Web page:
Another Monkey on Your Back – Monkeypox

Dr. Jacob Eapen-

Dr.Jacob Eapen

Dr. Jacob Eapen, a Medical Director at the Alameda Health System(AHS) and a member of the Board of Directors at the Washington Hospital in Fremont, California. He is also the Regional Vice President of the Federation of Kerela Association in North America(FOKANA). 

The world has become tired of pandemics and epidemics. It seems like endemic is a word that is here to stay. The latest surge in monkeypox, a member of the Orthopox family of viruses has created another source of anxiety around the globe.  Monkeypox is one of many DNA viruses which are known to be better at repairing mutations than RNA viruses. This means the monkeypox virus is less likely to suddenly mutate. Monkeypox, which was endemic to central and western Africa, was relatively ignored by the rest of the world as it was considered a disease of the African region. The name is derived from the discovery of the virus in a Danish laboratory monkey in 1958. The first human case was identified in a child in Central Congo Republic in 1970.

This virus is transmitted by close contact with body fluids, large respiratory droplets and contaminated materials such as bedding. The incubation period is usually 6 to 13 days but can range from 5 to 21 days. Eating inadequately cooked meat and other animal products of infected animals is a possible risk factor. Close proximity to rodents, like giant rats and squirrels, can also be a source.

The first case of monkeypox in a non-endemic area was reported in May 2022 and since then more than 400 confirmed or suspected cases has emerged in at least 20 non- African nations, including Canada, Portugal, Spain and the United Kingdom. Scientists are on alert because the monkeypox virus has emerged in separate populations across multiple countries and there is no obvious link between many of the clusters.

Since the outbreaks have begun scientists have collected samples from patients with monkeypox and done genomic studies. The findings are that each of the sequencing from countries like Belgium, France, Germany, Portugal and the United States resemble strains from West Africa. This strain has a lower mortality rate, less than 1%, compared to the much more lethal strain from Central Africa which has a death rate of about 10%.  There are 2 clades of monkeypox virus: the West African clade and the Central African clade. The Genome sequence from a confirmed case in Portugal showed a close match to exported cases of monkeypox from Nigeria to United Kingdom, Israel and Singapore in 2018 and 2019.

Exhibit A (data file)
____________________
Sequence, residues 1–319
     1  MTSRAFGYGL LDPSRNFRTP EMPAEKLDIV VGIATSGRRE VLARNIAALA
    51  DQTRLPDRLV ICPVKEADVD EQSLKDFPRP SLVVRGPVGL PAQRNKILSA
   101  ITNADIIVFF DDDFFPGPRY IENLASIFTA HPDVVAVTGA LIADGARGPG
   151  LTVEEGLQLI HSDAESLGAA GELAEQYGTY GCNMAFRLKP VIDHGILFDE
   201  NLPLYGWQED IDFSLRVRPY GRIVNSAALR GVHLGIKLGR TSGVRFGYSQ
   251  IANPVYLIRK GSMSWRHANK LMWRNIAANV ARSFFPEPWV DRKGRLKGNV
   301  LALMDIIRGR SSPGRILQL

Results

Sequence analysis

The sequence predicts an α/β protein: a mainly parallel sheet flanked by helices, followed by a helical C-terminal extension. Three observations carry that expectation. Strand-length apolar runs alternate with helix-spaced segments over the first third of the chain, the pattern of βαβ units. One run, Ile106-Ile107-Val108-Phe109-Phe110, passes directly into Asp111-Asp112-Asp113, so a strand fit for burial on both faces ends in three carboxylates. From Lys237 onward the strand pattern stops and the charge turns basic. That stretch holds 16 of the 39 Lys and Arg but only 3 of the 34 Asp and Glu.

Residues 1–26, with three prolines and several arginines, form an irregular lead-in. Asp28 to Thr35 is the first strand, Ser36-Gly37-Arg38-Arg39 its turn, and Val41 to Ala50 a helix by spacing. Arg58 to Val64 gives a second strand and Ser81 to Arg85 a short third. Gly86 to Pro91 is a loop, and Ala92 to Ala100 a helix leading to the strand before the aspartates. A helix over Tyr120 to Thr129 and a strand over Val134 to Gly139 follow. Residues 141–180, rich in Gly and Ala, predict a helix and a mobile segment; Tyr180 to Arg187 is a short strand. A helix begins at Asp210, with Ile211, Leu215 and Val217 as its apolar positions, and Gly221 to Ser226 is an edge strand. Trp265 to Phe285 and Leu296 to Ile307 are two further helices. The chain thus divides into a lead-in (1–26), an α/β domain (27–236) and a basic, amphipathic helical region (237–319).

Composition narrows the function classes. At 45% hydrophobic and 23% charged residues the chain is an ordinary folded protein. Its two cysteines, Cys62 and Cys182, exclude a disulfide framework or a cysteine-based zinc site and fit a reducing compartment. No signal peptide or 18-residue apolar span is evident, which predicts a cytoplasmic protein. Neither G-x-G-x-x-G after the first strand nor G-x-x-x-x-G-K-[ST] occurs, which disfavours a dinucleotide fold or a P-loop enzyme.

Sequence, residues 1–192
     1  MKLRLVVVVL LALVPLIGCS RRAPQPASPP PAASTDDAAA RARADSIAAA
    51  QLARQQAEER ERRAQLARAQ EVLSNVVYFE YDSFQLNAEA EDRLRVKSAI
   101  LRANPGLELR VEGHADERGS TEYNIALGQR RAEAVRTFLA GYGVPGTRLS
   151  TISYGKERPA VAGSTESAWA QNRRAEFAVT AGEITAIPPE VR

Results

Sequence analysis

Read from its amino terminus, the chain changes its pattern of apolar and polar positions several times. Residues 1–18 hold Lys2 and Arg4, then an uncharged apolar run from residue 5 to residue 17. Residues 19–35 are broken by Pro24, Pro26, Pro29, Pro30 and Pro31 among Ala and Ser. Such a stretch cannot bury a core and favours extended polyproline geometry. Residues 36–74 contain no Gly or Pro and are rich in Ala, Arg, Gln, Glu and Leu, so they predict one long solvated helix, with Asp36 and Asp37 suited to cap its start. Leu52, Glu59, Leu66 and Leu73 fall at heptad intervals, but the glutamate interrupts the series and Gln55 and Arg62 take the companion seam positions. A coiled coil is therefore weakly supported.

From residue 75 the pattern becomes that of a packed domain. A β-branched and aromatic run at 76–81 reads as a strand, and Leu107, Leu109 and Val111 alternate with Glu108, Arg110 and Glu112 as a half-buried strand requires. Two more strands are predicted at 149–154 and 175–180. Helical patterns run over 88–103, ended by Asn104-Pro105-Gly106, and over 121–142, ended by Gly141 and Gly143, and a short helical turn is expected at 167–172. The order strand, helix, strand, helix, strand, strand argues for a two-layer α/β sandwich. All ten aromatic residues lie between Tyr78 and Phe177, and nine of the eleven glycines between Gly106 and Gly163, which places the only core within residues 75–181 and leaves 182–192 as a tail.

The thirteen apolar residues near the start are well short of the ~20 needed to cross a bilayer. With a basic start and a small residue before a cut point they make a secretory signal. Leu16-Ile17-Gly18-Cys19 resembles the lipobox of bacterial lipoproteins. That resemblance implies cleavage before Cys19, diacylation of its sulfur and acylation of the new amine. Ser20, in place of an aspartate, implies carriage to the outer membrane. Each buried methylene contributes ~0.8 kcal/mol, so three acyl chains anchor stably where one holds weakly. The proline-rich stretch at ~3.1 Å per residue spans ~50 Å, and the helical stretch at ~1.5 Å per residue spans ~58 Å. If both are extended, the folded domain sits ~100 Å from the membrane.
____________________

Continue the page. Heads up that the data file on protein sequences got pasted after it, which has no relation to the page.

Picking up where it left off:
The signs and symptoms are:

  • Headache
  • Acute onset of fever
  • Swollen lymph glands
  • Body aches
  • Backpain
  • Profound weakness

Within three to four days a generalized papular rash develops with mostly centrifugal distribution (mostly on the face and outer extremities). This distribution is similar to smallpox, unlike in chickenpox where the rash has a centripetal distribution (more towards the central part of the body).

Diagnosis is performed by PCR testing. The monkeypox genome is much larger compared to other viruses. It is about six times larger than the genome of SARS-COV-2 virus, hence the monkeypox virus genome is about six times harder to analyze compared to SARS virus.

Since the current outbreak began, some nations have been procuring smallpox vaccines which are thought to be highly effective against monkeypox. Smallpox vaccine is about 85% effective in monkeypox. In 2019, a monkeypox vaccine, Jynneos, was approved for adults in the USA. Even if public health officials can stop the transmission of monkeypox, virologists are concerned that the virus could spill back into animals. If new reservoirs in animals develop that would increase the probability of continuous transmission.

Prevention is by vaccination. There are three types of vaccines available. One vaccine is licensed for monkeypox and smallpox and is a two dose vaccine given four weeks apart. The other two are one-time vaccinations. At least for now the plan is to do ring vaccination- that is, to vaccinate all with close direct contact with a known case.

There are lots of questions to be answered by the scientific community. Though not common, can the virus mutate into a more lethal form? Are we seeing a surge now because the virus has already changed itself? Has the Covid pandemic affected the immunity of the population which might be causing this surge? We might have the last laugh, but I am reminded of a quote from Louis Pasteur who had remarked “Gentlemen, it is the microbes who have the last word.” All of us will have to work together and be innovative so that we have the last word.